Just as he was about to begin his sermon one Sunday, a pastor was handed a note.  He unfolded the paper then said to the congregation, “This says there will be no B.S. tomorrow.”  He paused for a long moment then said, “I’m pretty sure that means Bible Study, but I have to confess that for just a moment there I thought, ‘Oh, that would be nice.’”

Wouldn’t it be nice to have a day scheduled for no B.S.—no Bogus Stuff?  

In the alternate first reading for this morning from chapter one of Isaiah, Isaiah takes the people to task for their Bogus Stuff.  He tells the people quite plainly, “God doesn’t want your bull.”  Well, what he actually says is:  

10 Hear the word of the LORD, you rulers of Sodom!

Listen to the teaching of our God, you people of Gomorrah!

11 What to me is the multitude of your sacrifices? says the LORD;

I have had enough of burnt offerings of rams and the fat of fed beasts;

I do not delight in the blood of bulls, or of lambs, or of goats. 

12   When you come to appear before me,  who asked this from your hand?

Trample my courts no more;

13 bringing offerings is futile; incense is an abomination to me.

New moon and sabbath and calling of convocation— 

I cannot endure solemn assemblies with iniquity.

14 Your new moons and your appointed festivals my soul hates;

they have become a burden to me, I am weary of bearing them.

15 When you stretch out your hands, I will hide my eyes from you;

even though you make many prayers, I will not listen;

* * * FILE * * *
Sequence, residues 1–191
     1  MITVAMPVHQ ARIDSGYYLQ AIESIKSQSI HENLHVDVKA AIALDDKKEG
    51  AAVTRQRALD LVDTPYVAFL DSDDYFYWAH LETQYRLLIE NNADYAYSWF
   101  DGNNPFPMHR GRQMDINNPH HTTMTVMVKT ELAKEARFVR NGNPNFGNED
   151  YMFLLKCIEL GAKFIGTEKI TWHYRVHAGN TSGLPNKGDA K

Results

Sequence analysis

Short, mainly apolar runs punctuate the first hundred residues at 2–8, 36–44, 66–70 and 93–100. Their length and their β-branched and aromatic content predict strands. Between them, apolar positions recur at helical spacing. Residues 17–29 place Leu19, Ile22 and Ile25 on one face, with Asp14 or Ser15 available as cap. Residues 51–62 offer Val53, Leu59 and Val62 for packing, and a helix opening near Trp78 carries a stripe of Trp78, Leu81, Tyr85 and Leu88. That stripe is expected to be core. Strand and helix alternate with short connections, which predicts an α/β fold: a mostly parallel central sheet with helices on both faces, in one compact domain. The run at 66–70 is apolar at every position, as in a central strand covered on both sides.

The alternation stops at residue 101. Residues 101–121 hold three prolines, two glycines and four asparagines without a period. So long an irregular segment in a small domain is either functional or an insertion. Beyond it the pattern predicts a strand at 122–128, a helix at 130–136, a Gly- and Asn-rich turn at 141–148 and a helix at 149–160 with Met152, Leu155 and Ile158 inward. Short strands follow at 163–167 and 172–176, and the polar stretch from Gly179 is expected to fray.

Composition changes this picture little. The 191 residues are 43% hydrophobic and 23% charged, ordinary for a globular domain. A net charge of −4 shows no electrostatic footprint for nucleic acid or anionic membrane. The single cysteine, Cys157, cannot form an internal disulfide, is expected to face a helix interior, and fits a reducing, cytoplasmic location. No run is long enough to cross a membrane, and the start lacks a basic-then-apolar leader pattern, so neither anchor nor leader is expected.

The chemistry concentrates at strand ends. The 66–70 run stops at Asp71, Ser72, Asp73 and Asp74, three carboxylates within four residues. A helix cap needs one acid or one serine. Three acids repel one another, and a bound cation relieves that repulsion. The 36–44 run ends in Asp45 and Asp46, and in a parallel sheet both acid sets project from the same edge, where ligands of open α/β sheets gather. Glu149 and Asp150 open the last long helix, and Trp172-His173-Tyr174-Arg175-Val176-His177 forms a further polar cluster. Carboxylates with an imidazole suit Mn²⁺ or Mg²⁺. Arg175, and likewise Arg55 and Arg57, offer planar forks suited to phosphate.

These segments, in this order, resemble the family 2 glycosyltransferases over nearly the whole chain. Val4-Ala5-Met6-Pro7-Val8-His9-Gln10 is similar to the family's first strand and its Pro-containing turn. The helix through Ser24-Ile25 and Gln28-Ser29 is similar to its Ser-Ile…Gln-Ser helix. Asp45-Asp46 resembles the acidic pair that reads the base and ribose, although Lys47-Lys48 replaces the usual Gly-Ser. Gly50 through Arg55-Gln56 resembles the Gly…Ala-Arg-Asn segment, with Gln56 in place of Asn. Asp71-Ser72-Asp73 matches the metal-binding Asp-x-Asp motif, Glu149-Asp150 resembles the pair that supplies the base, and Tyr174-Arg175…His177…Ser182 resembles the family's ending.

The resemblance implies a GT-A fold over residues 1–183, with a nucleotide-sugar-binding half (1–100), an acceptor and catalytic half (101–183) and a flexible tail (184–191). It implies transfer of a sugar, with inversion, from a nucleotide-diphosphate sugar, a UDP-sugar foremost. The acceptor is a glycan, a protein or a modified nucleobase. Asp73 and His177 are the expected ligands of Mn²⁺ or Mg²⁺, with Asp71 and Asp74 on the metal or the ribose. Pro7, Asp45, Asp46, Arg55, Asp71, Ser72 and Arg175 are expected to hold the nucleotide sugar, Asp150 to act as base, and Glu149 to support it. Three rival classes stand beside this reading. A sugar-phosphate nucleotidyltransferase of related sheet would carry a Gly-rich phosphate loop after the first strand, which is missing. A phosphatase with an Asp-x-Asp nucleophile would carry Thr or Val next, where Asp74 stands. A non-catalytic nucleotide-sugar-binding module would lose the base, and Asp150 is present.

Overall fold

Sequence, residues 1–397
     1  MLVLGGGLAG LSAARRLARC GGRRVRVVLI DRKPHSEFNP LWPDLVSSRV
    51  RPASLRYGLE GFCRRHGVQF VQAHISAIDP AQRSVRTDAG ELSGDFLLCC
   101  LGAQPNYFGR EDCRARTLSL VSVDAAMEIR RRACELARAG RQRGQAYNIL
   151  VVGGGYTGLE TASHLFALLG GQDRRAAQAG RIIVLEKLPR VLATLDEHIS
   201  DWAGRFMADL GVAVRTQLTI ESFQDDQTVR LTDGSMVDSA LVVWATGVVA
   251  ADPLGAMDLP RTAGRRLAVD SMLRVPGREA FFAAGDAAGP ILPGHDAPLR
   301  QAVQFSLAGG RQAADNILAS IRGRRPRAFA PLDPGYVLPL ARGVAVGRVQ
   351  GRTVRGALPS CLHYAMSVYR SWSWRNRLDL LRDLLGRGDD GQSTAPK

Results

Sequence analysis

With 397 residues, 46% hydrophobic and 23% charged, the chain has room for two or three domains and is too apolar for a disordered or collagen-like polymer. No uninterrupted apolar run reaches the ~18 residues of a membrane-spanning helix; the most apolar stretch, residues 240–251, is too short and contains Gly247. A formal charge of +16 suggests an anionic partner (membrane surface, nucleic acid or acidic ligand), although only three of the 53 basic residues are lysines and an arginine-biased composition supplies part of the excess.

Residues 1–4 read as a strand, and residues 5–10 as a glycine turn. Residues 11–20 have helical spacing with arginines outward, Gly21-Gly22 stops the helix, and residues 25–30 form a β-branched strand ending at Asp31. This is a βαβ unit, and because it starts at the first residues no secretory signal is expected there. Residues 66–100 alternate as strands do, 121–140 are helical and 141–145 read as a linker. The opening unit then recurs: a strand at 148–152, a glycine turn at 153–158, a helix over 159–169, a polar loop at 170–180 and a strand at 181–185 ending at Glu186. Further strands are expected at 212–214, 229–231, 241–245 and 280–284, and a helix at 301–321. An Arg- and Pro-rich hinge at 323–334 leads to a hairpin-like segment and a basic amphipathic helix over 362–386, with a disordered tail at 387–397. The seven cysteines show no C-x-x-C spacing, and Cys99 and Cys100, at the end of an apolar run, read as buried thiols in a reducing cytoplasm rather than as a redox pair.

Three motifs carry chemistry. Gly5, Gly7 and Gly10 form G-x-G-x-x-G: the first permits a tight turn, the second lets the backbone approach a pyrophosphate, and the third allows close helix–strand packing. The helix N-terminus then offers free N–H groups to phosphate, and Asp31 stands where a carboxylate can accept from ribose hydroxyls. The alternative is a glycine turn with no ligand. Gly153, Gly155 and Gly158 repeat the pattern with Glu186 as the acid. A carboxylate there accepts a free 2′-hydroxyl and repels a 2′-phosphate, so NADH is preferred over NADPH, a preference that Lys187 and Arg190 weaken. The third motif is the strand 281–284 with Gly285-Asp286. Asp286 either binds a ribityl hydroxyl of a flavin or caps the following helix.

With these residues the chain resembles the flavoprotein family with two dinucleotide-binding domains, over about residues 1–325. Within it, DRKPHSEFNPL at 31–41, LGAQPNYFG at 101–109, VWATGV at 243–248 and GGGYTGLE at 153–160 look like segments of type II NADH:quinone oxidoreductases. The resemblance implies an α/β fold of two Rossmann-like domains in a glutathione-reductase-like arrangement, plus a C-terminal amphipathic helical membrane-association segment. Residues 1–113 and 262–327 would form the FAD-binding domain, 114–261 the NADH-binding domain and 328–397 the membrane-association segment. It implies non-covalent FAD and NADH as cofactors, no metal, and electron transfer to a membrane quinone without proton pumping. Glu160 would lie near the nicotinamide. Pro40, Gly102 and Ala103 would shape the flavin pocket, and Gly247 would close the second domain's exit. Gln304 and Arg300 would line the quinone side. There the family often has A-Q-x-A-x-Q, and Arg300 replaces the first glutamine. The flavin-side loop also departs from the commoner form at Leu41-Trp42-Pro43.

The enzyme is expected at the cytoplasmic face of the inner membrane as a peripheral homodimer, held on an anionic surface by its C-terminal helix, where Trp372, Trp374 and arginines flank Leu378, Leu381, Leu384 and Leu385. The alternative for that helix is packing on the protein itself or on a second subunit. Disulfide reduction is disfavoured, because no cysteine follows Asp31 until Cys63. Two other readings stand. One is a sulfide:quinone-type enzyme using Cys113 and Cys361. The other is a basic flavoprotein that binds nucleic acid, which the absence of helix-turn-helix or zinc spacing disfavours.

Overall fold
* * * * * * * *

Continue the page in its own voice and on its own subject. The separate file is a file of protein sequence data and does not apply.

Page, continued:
your hands are full of blood.

Somewhere along the way, the people had substituted the practice of their religion for the ethics of their faith.  They had fallen into the habit of thinking that as long as they performed the right rituals and offered the right sacrifices, as long as they celebrated certain festivals and observed certain holy days in the calendar, then everything would be okay between them and God.  

But Isaiah tells them in plain language, “No.  God thinks all of that is B.S.  Bogus Stuff.  God doesn’t want your bull…or your ram or your goat.”  So what does God want? Once again, Isaiah is blunt:

16 Wash yourselves; make yourselves clean; remove the evil of your doings

from before my eyes;

cease to do evil,

17 learn to do good; seek justice, rescue the oppressed,

defend the orphan,

plead for the widow.

The texts assigned for today are all about faith.  They tell us what faith is and what it is not.  

Isaiah makes it clear that faith is not simply worship.  It is not liturgical worship or praise worship or any other form of worship.  Faith may move you to worship God.  Worship is one way to express your faith.  But it is not a substitute for faith.  And worship without faith is meaningless.

Faith is not mere belief.  Faith does not mean you accept or give your intellectual assent to certain propositions or truths about God, about Jesus, about the Holy Spirit.  Faith is not creeds or doctrine or dogma.  Those are tools that can help guide our faith in the same way a map can help you get somewhere you want to go.  But the map is not the journey.  It’s a depiction of the path others have traveled before you.   

So what is faith?

“Faith,” said Martin Luther, “is God’s work in us, that changes us and gives new birth from God… It kills the Old Adam and makes us completely different people. It changes our hearts, our spirits, our thoughts and all our powers. It brings the Holy Spirit with it. Yes, it is a living, creative, active and powerful thing, this faith… Faith is a living, bold trust in God’s grace, so certain of God’s favor that it would risk death a thousand times trusting in it.”[1]

Faith is trusting God.  And that’s not always as easy as it sounds because God’s ways are not our ways and God’s timetable is not our timetable.